The first arrival of the summer was highly rated young England international Jordan Henderson. Bringing energy and determination combined with clear ability, Henderson can play either in the centre of midfield, where he is expected to serve as a long term replacement for club captain Steven Gerrard, or on the right of midfield, providing an alternative to the ever-industrious Dirk Kuyt.
Next came Charlie Adam, the Scottish midfielder known for his passing accuracy as well as excellent set pieces. He took the Premiership by storm in his first season, even earning a nomination for the PFA Player of the Year award as well as a move to the Reds. Adam can sit alongside Lucas Leiva against stronger teams, or perhaps provide an alternative to the Brazilian in games at home to lesser teams.
Experienced goalkeeper Doni has joined from Roma to provide a backup role to Pepe Reina. The Brazilian is unlikely to start many games, especially if Reina is available, but is a solid second choice keeper.
The club's most recent signing was winger Stewart Downing, a player known for the accuracy of his crosses which are expected to provide chances for powerful forward Andy Carroll. Liverpool fans have been crying out for a quality winger for years, and with the arrival of Downing, they may finally get their wish.
Despite all of this investment, a couple of players are still needed if the Reds are to return to the Champions League. A new left back is a clear priority, and Jose Enrique seems to be on the verge of a move to Anfield, solving this problem.
If Enrique signs, all that is needed to complete the squad is a new centre-back. Jamie Carragher is now 33, Daniel Agger is injury prone, Martin Skrtel is somewhat inconsistent, and Soti Kyrgiakos simply isn't good enough for a side challenging at the top of the table. The names which seem to be cropping up most often are Scott Dann and Gary Cahill—either would be a good addition, but Cahill, as more of a footballing centre half, could be ideal for the style of play that Dalglish is trying to implement.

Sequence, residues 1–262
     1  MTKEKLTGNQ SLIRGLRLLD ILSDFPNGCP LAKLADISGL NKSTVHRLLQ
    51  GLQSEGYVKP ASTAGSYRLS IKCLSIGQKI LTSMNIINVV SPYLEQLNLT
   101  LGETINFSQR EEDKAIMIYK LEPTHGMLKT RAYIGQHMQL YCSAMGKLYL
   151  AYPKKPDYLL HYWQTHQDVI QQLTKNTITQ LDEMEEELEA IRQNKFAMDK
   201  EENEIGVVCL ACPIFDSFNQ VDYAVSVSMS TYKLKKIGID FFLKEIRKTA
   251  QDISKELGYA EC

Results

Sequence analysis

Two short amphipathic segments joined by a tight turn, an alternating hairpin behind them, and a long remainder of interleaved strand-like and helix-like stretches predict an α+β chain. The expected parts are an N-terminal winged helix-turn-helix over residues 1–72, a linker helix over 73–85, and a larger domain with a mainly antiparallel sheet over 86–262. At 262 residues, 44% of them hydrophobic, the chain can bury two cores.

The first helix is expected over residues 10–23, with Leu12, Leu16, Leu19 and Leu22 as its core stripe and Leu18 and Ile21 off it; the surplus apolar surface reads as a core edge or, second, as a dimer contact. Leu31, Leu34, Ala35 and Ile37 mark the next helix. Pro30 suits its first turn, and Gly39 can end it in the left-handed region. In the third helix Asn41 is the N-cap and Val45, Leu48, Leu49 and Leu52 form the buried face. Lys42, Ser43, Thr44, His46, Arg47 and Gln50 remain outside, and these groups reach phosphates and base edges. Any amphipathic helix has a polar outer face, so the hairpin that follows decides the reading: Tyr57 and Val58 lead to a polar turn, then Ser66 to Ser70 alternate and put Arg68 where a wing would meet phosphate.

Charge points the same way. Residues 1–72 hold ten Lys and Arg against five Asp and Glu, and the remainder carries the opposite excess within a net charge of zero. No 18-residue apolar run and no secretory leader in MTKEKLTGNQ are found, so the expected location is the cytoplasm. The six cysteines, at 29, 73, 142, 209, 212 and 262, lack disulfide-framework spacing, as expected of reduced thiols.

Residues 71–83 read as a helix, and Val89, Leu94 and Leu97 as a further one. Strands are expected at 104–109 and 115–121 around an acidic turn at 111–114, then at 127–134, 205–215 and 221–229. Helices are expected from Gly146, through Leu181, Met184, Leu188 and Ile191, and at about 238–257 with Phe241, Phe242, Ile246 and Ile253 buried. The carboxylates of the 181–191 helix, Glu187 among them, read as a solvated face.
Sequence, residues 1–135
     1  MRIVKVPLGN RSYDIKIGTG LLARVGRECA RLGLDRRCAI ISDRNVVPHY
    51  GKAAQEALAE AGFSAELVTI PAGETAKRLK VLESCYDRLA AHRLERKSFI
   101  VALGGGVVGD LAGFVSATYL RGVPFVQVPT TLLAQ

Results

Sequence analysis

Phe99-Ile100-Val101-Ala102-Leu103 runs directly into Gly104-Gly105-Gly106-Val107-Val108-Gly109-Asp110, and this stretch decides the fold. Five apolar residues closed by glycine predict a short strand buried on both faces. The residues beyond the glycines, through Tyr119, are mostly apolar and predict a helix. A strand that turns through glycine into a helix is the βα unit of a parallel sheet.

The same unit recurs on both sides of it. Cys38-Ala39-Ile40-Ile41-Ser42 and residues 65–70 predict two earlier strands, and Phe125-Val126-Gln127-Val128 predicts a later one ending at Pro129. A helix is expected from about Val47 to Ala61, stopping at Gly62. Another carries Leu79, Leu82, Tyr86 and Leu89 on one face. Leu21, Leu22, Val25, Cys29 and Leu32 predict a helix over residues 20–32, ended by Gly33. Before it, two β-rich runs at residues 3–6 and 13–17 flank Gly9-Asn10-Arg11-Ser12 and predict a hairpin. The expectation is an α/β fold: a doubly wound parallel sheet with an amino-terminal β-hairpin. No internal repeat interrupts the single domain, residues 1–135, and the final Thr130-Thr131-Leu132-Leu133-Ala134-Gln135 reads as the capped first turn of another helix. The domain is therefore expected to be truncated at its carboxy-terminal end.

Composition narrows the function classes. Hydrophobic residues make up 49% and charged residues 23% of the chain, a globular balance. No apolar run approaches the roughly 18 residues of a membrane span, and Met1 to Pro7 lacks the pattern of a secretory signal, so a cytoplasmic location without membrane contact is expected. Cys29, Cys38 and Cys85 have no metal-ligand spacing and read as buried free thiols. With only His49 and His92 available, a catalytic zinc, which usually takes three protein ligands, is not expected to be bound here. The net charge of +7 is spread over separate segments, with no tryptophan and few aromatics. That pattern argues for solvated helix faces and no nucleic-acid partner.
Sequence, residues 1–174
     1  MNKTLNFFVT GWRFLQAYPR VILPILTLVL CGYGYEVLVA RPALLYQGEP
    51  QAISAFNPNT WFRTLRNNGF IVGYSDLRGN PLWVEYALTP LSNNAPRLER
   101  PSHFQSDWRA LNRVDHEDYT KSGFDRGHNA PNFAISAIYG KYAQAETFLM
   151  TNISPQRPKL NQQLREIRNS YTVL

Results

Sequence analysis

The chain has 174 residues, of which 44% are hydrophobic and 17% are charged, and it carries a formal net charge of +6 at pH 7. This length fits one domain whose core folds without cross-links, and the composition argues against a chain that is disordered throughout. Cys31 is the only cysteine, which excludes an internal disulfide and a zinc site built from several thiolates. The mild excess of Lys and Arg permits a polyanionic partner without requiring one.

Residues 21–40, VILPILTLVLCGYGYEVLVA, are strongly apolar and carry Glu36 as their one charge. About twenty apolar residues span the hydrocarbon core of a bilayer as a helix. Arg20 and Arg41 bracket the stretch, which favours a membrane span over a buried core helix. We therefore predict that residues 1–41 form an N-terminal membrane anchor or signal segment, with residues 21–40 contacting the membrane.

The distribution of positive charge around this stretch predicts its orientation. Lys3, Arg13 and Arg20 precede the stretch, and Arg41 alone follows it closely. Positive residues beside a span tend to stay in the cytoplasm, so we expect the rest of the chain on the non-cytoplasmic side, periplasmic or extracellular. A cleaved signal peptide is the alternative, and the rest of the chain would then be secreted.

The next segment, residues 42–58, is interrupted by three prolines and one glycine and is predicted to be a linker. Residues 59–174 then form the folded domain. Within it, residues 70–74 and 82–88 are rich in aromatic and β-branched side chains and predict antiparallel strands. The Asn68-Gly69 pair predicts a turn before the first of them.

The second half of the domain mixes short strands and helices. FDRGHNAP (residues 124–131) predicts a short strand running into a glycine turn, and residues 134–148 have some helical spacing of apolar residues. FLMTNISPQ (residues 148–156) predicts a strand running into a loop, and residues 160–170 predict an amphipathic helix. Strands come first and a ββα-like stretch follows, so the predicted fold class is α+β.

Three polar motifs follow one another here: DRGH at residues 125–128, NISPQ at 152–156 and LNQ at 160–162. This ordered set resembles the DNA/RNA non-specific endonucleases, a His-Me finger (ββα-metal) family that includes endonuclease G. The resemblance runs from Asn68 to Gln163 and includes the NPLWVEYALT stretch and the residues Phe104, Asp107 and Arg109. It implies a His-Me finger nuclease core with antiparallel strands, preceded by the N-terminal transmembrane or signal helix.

There is also, of course, the issue of those who are leaving Anfield this summer. Paul Koncheskey and Milan Jovanovic have already gone, but a number of other players who aren't needed remain—the likes of Philip Degen, Nabil El Zahr, Christian Poulsen, Kyrgiakos and Joe Cole must be shifted if the club is to progress.
There have been question marks all summer over the future of Alberto Aquilani. Whether the Italian should remain at the club depends largely on what formation Dalglish intends to generally employ. In a 4-4-2, there is likely to be little chance of him getting a game, but if Dalglish wants to use 4-3-3 often, Aquilani should be kept, especially with question marks hanging over Steven Gerrard's fitness. However, if it comes down to a choice between keeping Aquilani and Raul Meireles, Meireles should be retained, given that he has already proven himself at Liverpool and shown a desire to play for the club.
The final question facing Dalglish is that of his strongest XI. Of Course, different teams will be used depending on the opposition, but there is still surely a strongest team—the one that would be selected for the cup final, if you like. This is selected on the assumption that all players are fit and available. It is selected only from the current players, presuming Enrique signs.
My Team (Right to left)—(4-3-3) Reina, Johnson, Agger, Carragher, Enrique, Adam, Lucas, Gerrard, Suarez, Carroll, Downing
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